An OCC membership is required to join. Participants must have at least one passage of more than 1000 miles under their hull. Although Mary and Jeff had traveled many miles, they had yet to achieve that milestone based on a rhumb line calculation but were able to join as Associate Members.
“The OCC had the route, locations, and formalities such as clearing in and out, welcome parties, resources, etc. It was well organized yet allowed a great deal of flexibility. Some members caught up with the group in Columbia and others said good-bye as they went through the Panama Canal. Some chose marinas while others anchored. There was a radio net daily and we formed smaller groups for travel in questionable areas,” says Mary.
Amongst the OCC rally stops were Aruba, Colombia and Panama’s remote islands where they briefly met up with Jason and Gail. The Pernicks have since qualified for full OCC membership after joining yet another rally, the Salty Dawg.
“The resources provided by Salty Dawg were great along with the camaraderie of all involved. We achieved our qualifying passage for full membership, had a great time, and met many new sailing friends as a result,” says Mary.
An obvious advantage to joining a rally is the route planning. That’s where collective knowledge and experience becomes invaluable. The rally also simplifies the paperwork and facilitates group activities. In Vanuatu, it was an excursion to Mount Yasur, one of the most accessible active volcanoes.
Vanuatu is positioned on the notoriously named ‘ring of fire’, a horseshoe shaped belt that lassoes around the Pacific Ocean from New Zealand to South America – a geographical hot bed for earthquakes and volcanic eruptions. This brings us little comfort as we stand at the edge of the caldera. There is a slight suction then a muffled silence before lava and rocks are unleashed into the sky like a fire-breathing dragon exhaling.
It is presumed that Captain James Cook was drawn to the glowing light of Mount Yasur while on his second expedition aboard the HMS Resolution to circumnavigate the globe. It is easy to see why he would be drawn to it and it isn’t until the guide herds us off the volcano that we reluctantly leave this incredibly mesmerizing spectacle.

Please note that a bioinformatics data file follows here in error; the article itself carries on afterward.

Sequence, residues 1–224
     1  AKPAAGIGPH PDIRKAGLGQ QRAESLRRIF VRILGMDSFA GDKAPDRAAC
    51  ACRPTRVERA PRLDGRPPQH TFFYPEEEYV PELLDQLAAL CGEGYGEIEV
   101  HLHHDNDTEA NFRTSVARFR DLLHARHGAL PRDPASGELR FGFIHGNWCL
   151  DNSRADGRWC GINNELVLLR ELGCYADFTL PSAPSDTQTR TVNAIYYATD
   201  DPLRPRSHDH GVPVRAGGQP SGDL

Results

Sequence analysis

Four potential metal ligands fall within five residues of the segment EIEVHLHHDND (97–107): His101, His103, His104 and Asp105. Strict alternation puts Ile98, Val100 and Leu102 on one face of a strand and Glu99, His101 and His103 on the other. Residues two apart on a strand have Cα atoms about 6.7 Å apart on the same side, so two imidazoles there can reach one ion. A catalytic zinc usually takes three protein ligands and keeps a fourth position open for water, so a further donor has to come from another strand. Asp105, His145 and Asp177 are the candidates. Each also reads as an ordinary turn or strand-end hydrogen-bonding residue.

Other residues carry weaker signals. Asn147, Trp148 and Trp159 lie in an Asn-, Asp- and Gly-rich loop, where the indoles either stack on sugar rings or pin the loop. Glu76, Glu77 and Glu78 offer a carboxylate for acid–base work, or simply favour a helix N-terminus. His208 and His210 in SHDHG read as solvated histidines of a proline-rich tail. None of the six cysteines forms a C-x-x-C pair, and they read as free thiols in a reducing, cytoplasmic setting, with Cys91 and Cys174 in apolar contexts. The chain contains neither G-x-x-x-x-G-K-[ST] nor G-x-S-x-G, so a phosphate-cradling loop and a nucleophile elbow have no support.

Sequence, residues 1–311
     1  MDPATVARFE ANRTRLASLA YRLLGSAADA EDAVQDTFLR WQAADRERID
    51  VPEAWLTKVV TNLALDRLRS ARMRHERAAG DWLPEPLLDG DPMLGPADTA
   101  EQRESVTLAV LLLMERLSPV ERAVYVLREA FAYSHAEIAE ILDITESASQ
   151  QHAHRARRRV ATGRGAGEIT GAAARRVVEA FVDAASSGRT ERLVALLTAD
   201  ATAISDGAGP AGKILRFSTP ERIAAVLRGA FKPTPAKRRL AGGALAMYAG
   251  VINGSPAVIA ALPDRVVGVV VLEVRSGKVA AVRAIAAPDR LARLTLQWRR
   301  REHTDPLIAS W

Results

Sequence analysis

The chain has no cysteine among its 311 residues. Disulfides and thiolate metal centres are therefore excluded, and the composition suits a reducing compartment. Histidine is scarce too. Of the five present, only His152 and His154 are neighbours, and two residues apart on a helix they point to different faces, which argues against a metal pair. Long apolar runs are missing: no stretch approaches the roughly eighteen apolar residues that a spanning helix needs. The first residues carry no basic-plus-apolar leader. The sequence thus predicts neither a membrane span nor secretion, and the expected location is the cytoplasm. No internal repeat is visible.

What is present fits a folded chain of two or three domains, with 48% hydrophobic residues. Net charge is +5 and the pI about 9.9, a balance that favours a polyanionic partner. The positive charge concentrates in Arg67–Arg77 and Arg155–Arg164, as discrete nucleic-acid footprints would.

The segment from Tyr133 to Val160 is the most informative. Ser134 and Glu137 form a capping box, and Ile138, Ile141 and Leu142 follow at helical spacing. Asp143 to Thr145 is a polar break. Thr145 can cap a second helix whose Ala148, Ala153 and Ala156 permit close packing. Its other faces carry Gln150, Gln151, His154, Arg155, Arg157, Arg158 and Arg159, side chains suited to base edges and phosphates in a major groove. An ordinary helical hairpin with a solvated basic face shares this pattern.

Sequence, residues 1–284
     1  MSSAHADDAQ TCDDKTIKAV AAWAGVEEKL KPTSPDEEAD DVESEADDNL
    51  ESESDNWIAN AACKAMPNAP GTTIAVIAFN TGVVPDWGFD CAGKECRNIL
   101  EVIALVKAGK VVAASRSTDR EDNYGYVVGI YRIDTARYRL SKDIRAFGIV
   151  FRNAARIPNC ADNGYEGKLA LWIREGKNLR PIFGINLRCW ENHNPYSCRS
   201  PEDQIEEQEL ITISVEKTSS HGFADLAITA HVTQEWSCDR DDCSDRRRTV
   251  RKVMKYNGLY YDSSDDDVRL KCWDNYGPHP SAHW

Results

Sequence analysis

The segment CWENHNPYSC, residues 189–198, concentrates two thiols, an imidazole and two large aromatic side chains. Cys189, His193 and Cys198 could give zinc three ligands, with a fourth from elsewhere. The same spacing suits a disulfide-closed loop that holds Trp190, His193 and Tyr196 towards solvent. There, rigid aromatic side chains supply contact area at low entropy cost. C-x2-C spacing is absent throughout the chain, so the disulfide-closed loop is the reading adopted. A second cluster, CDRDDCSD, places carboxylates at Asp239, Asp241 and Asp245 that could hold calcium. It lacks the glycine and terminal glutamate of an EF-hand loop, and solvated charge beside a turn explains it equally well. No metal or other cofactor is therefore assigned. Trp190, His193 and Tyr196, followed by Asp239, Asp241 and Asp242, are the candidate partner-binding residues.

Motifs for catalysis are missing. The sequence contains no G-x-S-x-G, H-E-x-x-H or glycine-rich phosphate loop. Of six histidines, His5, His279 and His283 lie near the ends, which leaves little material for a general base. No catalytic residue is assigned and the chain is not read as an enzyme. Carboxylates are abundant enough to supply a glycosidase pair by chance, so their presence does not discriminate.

The following day we have a favorable weather window and set off on our passage to Brisbane. Jason and Gail bid their cruising friends goodbye as we weigh anchor and motor past the protected bay to the sound of horns blasting and farewells from fellow cruisers. It’s obvious that with this adventure, life-long friendships have formed.
“The saddest boat in the marina is the one waiting for the procrastinating owner to start their adventure,” says Jason. “The rewards of cruising are grand but sailors need to grab it and overcome their excuses and hurdles. If you have a limited time frame, the rally can provide the impetus for that grand adventure.”
We get another peek at Mount Yasur just as the sun begins to set. The ash-laden hill stands in stark contrast next to the lush mountains; sulfurous steam wafts above the volcano, melding into the nearby clouds obscuring our view one final time.
Joining a Rally
Both the Ocean Cruising Club and Salty Dawg are non-commercial organizations. They are organized by cruisers and allow participants both independent and group travel.
The World ARC is a part of the World Cruising Club and is pricier but does cover many of the associated fees such as traversing the Panama Canal and permits to the Galapagos.